Indeed, economic crisis struck in late 2008, emanating from the Wall Street casino as a giant bubble in U.S. housing prices burst. Then banks and other financial markets crashed. The crisis quickly spread to Europe and to those poorer countries most tied into Western markets. Turkey and Mexico, for example, found export markets and remittances from overseas workers drying up. Many countries in Asia fared somewhat better, since they traded more with China and India-which partially insulated their economies from such shocks. About half of the Philippines' global trade and other economic ties, for instance, are still with the United States and Europe; it thus remains vulnerable to a global economic crisis that has defied conventional predictions of recovery.

For most countries, economic crisis has been accompanied by a food crisis, as prices of rice, wheat, corn and other basics soared in 2008, fueled by both unusual weather and opportunistic speculators. This led to widespread protests and unrest in countries like the Philippines, which still imports up to 10 percent of its rice, the country's most important source of calories (it is the most import-dependent of the rice-consuming nations).

Meanwhile, the spread of global assembly lines and trade, heavily dependent on fossil fuels, deepened the climate crisis. The Philippines sits on key lists of the 10 countries most vulnerable to climate change, as the majority of rice and other foodstuff are grown on land that is barely above sea level.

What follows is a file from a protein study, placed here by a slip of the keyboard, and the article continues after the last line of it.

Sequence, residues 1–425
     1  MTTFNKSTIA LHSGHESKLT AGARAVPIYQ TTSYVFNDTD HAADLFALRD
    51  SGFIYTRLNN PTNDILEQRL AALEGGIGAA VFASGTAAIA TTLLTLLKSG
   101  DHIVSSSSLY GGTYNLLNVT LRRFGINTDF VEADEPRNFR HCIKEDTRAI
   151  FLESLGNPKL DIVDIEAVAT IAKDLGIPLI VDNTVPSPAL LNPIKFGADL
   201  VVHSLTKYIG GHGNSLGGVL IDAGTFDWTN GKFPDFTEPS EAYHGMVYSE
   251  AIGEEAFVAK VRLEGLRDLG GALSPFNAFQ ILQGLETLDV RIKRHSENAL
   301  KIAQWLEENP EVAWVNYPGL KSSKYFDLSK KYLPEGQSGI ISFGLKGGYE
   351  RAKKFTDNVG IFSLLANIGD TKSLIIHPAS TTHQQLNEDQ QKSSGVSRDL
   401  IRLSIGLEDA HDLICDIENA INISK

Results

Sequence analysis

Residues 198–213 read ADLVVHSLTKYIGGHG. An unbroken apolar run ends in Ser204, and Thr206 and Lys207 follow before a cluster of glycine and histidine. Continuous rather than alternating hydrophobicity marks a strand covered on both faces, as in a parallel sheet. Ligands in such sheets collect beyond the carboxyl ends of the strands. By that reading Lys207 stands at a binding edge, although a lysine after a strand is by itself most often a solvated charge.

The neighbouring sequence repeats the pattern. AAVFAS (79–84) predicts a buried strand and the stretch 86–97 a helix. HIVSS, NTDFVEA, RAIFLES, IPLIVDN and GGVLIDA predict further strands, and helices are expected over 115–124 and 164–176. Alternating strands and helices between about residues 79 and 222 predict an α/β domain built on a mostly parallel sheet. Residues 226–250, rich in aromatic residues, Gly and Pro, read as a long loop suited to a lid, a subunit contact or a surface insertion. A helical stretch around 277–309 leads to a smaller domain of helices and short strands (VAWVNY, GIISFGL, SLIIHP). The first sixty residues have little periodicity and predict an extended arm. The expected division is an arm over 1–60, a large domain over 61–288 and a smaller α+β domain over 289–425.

In the middle of such global suffering and continuing vulnerability, what better time to rethink the overall economic and agricultural path? We asked this of a group of Philippine Congress members, led by Rep. Erin Tanada and Rep. Walden Bello. Coming from various political parties, most harbored hopes that global markets would simply pick up again and the Philippines could continue to live off the largess of other countries. But every Congressperson with whom we met in these hallowed halls has been spooked by the food crisis, and we found a refreshing openness to new ideas.

The good news, as we told these members of Congress, is that alternative economic models more rooted in small businesses and small farms are spreading around the world. In the United States, the local farm movement has expanded rapidly; for the first time in decades, the number of U.S. farmers has stopped shrinking. From local farmers markets to the spread of worker-owned cooperatives, creative people are building communities based on rooted economic activity, less inequality, more ecological health, and involving people more directly in the decisions that affect their lives.

We found this also in the Philippine countryside, where we spent time with dozens of farmers. We discovered a growing number who had shifted from so-called "high-yielding" varieties of rice heavily dependent on imported and toxic chemical fertilizers and pesticides to local seeds grown organically and kept healthy by a variety of homemade "concoctions" to control pests and weeds (more on this in our next blog).

Back to the India conference of 2009. The participant ended his report: The global economic crisis "is a blow, but we'll still grow at 6 percent and we'll catch you [in the U.S.] even sooner in the global economy than we would have otherwise. Hope you learn something from this."

Robin Broad

Dr. Robin Broad is Professor of international development at American University. She teaches courses on economic globalization & development as well as environment & development, with a focus on social, environmental, and economic accountability.

John Cavanagh

John Cavanagh is the director of the Institute for Policy Studies, a progressive think tank celebrating its 50th year.